The team hasn't determined 2018 VG18's orbit activity yet, so they can't tell if its movements are potentially shaped by Planet X, a suspected planet that's called "Planet 9" and is located really far from the sun.
This extreme trans-Neptunian object is about 120 astronomical units (AU) from Earth, where 1 AU is the average distance from the Earth to the Sun (about 92 million miles, or 149 million kilometers). Pluto is our Solar System's most famous dwarf planet, and it is about 34 AU from the Sun. Neptune is 30 astronomical units away, or 2.8 billion miles, and Pluto, now on the outward leg of its orbit, is 34.5 astronomical units, or 3.2 billion miles from the sun.
"2018 VG18 is much more distant and slower moving than any other observed solar system object, so it will take a few years to fully determine its orbit", Sheppard said in a news release.
The team called 2018 VG18 "Farout", due to its extremely distant location in the solar system. "The orbital similarities shown by numerous known small, distant Solar System bodies was the catalyst for our original assertion that there is a distant, massive planet at several hundred AU shepherding these smaller objects".
The International Astronomical Union's Minor Planet Center announced the discovery overnight.
The question now about Farout, in its position way out in the solar system, is: Does it behave like the other distant solar system objects, which is to say, does 2018 VG18 have a far elliptical orbit, that points to the existence of a hypothetical Planet X.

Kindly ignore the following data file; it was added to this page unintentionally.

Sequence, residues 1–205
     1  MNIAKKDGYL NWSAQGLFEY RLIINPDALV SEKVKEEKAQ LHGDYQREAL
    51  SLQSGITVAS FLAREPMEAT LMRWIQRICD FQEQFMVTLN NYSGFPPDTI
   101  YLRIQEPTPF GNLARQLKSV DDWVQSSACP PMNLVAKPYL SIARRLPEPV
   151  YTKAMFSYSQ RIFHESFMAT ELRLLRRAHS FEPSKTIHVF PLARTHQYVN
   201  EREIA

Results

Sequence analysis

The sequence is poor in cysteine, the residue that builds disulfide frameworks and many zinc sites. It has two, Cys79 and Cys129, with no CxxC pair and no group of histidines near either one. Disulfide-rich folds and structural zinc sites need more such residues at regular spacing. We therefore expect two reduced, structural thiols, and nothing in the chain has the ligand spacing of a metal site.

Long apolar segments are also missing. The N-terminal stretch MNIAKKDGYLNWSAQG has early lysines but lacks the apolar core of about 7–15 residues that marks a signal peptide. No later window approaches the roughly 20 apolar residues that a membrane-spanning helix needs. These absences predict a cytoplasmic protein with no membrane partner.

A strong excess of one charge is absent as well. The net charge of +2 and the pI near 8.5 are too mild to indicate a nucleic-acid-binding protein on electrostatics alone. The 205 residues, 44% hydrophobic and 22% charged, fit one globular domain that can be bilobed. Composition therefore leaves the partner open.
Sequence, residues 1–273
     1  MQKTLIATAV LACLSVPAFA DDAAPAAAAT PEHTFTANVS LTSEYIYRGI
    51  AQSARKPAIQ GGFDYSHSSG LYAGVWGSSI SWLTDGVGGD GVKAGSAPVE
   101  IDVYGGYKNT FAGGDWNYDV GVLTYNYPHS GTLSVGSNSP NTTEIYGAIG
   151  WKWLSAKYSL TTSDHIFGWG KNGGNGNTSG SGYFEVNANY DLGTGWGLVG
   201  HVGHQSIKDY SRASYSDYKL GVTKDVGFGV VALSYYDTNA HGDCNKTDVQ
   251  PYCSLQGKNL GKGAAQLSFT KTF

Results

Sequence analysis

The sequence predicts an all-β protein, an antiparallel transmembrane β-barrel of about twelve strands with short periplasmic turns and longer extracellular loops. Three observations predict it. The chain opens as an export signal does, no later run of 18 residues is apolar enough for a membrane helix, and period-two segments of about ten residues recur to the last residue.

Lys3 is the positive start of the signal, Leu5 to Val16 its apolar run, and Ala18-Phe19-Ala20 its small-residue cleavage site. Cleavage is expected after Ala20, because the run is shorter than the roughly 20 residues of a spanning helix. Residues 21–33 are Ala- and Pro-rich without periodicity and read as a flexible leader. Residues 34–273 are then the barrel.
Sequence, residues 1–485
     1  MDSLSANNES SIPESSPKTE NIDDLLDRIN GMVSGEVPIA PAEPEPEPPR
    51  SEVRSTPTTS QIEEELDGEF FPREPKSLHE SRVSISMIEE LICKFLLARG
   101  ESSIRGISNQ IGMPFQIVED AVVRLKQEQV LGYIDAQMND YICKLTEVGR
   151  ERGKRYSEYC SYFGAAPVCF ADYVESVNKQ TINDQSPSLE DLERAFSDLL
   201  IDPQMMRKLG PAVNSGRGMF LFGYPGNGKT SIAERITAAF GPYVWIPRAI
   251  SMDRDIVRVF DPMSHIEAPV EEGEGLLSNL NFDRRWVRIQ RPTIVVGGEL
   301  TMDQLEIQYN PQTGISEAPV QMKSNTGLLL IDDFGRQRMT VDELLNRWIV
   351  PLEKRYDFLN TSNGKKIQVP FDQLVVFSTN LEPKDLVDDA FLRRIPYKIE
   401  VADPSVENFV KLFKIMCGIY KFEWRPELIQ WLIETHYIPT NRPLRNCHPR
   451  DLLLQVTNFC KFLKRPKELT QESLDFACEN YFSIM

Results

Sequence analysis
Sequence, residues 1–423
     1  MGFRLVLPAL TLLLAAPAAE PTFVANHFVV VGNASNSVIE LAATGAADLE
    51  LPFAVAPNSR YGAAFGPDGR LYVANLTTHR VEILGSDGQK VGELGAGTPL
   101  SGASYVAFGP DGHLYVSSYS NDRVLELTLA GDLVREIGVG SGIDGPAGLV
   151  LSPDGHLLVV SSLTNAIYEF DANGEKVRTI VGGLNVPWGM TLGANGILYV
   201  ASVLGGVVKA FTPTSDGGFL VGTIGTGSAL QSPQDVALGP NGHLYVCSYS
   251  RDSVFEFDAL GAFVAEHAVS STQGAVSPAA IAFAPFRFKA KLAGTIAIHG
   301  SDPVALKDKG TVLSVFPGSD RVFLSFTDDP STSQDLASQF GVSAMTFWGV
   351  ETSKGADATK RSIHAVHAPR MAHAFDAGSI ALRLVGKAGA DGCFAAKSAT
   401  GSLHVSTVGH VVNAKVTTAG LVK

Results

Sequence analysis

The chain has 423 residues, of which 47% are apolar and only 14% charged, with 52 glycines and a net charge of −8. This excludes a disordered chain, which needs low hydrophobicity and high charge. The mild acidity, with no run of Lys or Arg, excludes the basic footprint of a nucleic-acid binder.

There's something orbiting the sun, way, way beyond the distant realm of Pluto.
This distant body is so far away that experts believe it takes over 1,000 years to complete one orbit of the sun.
That's more than 100 times the distance between the Earth and the Sun - and about the same distance as Voyager 2, the NASA probe that launched in 1977 and reached interstellar space this month.
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It's an estimated 500 kilometres (310 miles) across. Its pinkish color suggests it's an ice-rich body, according to the statement.
It's official: astronomers found a new dwarf planet in our Solar System - and it's the most distant object ever observed in our Solar System.
Image: Scott S. Sheppard/David Tholen.
A languid, dim speck of light showed up in images taken on November 10 by the Japanese Subaru 8-meter telescope located atop Mauna Kea on Hawaii island.
The discovery images of 2018 VG18. Observations made with the Magellan telescope confirmed the distance of 120 AU.
In early December, the Magellan telescope spotted 2018 VG18 for the second time.
Trujillo hailed the global nature of the discovery, which involved telescopes in Hawaii and Chile owned and operated by Japan, and researchers based in the US. They first suggested the existence of this possible planet in 2014 after finding "Biden" at 84 AU.
"With new wide-field digital cameras on some of the world's largest telescopes, we are finally exploring our solar system's fringes far beyond Pluto", he said. And in the meantime, maybe they'll even find that elusive Planet X.